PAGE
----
Traffic fix


Traffic fix

WITH car parking at a premium as Christmas shoppers flock into Leongatha, a plan for a traffic overhaul of the CBD to improve public safety and the town’s economy and vibrancy is being put forward.

The plan is being devised by a visiting environmental consultant surprised by the dangers motorists and pedestrians now face in town.

The consultant, James Hickey, has what he says are solutions for Leongatha’s traffic woes after working in town for several months.

He called for heavy vehicles to be removed from McCartin and Bair streets, reverse parking to be created in McCartin Street, and the confusing intersection near the courthouse addressed by directing the heavy vehicle alternate route down Turner and Hughes streets – an idea already supported by many locals.

In the long term, McCartin Street could be a cul de sac ending at Bair Street or a 25km/h speed limit imposed, Mr Hickey said.

“A vast improvement will be felt once the vibrations from B-Doubles no longer tumble lattes off coffee tables,” he said.

Mr Hickey said reverse 60 degree parking would reduce the incidences of cars reversing out of parking bays and into other vehicles, with such parking used in other regional towns.

Ironically, soon after Mr Hickey shared this idea with The Star, a driver reversed into a car behind.

South Gippsland Shire Council’s manager infrastructure delivery John Moylan said, “The standard practice for angle parking in the state of Victoria is based on reversing out of parking spots. To change this practice in one town or municipality would create confusion.”

Mr Hickey also called for zebra crossings in McCartin Street between Bair and Peart streets to increase safety and entice more shoppers.

“The greatest risk is at the corners of Peart and McCartin streets, where drivers tear around onto McCartin Street and give pedestrians crossing the road at these points very little time to reach the relative safety of the small median strip,” he said.

Mr Hickey said McCartin and Bair streets are the heart of Leongatha and tankers, cattle trucks and tractors should be barred from them.

“This is an extremely dangerous situation and it also degrades the amenity and customer experience,” he said, suggesting

alternate routes north and south of Leongatha.

The north route would redirect heavy vehicles along Turner Street and then to Hughes or Roughead streets, depending on where traffic needed to go.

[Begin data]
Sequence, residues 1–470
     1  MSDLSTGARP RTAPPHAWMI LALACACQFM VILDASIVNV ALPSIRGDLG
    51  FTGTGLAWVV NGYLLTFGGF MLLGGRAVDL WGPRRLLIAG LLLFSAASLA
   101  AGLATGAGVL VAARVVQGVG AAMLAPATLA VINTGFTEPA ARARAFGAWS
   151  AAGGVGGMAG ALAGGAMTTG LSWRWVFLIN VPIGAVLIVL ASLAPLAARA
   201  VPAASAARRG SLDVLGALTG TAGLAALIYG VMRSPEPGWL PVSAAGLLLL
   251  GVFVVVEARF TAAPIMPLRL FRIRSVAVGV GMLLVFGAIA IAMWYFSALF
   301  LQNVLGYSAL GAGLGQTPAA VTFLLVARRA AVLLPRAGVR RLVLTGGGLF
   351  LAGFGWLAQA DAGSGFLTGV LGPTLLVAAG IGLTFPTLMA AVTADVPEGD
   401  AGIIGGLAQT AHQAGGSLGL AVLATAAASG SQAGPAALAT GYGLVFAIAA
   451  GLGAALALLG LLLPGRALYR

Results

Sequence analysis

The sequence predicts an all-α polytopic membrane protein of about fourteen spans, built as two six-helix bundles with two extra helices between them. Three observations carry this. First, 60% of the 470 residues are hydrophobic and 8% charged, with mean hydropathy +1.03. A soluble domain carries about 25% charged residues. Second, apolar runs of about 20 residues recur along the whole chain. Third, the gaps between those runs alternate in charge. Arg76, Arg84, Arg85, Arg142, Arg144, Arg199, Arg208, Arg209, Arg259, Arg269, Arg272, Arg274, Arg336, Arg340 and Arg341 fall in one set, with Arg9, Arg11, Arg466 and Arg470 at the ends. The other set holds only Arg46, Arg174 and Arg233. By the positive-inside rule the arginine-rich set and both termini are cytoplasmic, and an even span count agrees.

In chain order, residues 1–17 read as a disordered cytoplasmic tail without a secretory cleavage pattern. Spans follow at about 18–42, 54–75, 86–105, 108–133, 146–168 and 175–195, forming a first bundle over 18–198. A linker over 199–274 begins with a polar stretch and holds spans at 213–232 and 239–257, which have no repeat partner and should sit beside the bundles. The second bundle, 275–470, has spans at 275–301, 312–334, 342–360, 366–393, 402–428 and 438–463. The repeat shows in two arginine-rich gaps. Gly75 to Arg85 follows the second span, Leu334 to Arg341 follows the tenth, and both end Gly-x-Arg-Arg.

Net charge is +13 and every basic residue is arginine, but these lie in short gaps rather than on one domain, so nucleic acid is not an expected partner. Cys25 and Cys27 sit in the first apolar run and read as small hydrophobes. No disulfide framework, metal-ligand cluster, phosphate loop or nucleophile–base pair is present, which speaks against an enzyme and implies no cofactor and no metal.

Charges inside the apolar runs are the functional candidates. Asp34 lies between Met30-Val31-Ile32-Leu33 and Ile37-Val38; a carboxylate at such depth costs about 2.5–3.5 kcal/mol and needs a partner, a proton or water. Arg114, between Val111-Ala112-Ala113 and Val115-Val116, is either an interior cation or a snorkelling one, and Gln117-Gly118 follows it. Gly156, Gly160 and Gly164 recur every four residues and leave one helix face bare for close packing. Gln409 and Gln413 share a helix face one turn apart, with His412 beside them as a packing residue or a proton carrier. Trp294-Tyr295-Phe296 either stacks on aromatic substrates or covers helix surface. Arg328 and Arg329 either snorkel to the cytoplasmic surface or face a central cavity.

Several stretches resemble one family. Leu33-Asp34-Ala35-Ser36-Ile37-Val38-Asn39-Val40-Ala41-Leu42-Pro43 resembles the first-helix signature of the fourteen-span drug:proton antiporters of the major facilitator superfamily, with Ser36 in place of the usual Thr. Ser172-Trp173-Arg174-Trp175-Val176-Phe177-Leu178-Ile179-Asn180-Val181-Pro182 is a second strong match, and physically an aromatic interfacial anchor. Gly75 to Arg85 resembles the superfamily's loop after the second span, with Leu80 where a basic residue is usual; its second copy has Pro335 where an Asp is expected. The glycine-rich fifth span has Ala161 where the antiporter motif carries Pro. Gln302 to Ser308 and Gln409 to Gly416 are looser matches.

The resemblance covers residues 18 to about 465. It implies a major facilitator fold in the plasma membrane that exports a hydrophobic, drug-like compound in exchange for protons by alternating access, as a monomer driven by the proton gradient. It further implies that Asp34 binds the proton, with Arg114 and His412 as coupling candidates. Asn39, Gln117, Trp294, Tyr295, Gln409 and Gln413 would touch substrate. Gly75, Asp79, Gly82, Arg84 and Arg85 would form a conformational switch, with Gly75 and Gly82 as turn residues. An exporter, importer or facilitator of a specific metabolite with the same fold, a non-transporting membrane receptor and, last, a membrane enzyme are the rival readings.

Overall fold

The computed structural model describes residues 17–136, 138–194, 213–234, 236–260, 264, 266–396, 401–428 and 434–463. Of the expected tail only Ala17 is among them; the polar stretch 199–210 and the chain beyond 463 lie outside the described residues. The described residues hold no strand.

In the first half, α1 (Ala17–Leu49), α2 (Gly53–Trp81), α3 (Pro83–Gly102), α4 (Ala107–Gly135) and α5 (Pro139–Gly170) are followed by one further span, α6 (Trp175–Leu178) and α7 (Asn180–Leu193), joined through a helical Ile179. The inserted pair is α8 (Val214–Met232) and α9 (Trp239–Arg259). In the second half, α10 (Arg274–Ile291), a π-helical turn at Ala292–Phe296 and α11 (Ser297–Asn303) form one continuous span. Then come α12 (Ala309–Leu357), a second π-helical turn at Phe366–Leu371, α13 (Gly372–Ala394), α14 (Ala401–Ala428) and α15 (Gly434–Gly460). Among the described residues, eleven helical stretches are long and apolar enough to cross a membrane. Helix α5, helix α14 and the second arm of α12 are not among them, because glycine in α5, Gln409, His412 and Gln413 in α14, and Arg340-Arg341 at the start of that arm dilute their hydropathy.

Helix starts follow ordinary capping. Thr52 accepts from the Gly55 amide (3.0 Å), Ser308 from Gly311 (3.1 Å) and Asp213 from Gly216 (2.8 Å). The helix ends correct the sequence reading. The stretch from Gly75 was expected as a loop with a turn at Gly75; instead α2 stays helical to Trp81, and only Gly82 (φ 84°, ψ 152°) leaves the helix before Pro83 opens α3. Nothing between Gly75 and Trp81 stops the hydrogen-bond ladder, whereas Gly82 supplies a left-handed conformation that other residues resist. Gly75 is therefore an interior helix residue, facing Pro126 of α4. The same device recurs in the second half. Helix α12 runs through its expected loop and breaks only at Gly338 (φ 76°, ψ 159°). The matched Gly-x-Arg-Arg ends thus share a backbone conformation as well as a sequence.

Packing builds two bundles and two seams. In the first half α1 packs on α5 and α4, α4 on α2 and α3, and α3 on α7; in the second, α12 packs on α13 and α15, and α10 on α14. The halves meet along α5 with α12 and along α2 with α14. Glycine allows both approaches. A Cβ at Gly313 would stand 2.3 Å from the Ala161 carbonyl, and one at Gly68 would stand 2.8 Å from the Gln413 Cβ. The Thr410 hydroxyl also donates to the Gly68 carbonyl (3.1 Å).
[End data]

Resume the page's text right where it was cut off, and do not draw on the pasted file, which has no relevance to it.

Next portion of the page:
The south route would be along an extension of Parr Street from South Gippsland Highway to Bass Highway.

Mr Moylan said heavy vehicles cannot be removed from Bair Street as truck access is required for deliveries to businesses.

Mr Hickey said congestion needed to be alleviated at the confusing intersection of Roughead, Anderson and McCartin streets near the courthouse, where drivers dash in front of passing traffic and motorists unfamiliar with the intersection are confused about who has right of way.

The intersection has been the scene of crashes and many near misses.

A sign in Roughead Street urges motorists approaching the intersection to indicate but Mr Hickey said that highlights the absurdity of the design.

“A sign that tells people to indicate is potentially cause for confusion,” he said.

“Does that mean people should be indicating right whereas no one actually has to indicate at that intersection, which adds more confusion.”

Acting Regional Roads Victoria Eastern Region director Pas Monacella welcomed the feedback and only said the second stage of the alternate route was scheduled for planning in the future. This would direct the heavy vehicle route down Hughes Street.

Mr Hickey believes pedestrians’ safety is being put at risk by them having to cross wide Bair Street, particularly at the McCartin Street roundabout.

“Traffic coming up from Roughead Street goes through that intersection quickly.  It should be 40km/h max. If we push the kerb out further, people will slow down,” he said.

Mr Moylan said the lease currently being negotiated with VicTrack by council allows for the return of rail services in the future if the State Government made that decision.

Here’s an idea: environmental consultant James Hickey in Leongatha’s McCartin Street, where he believes reverse 60 degree parking would improve safety for motorists and pedestrians.

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Posted by on Dec 18 2018. Filed under Featured, News. You can follow any responses to this entry through the RSS 2.0. You can leave a response or trackback to this entry

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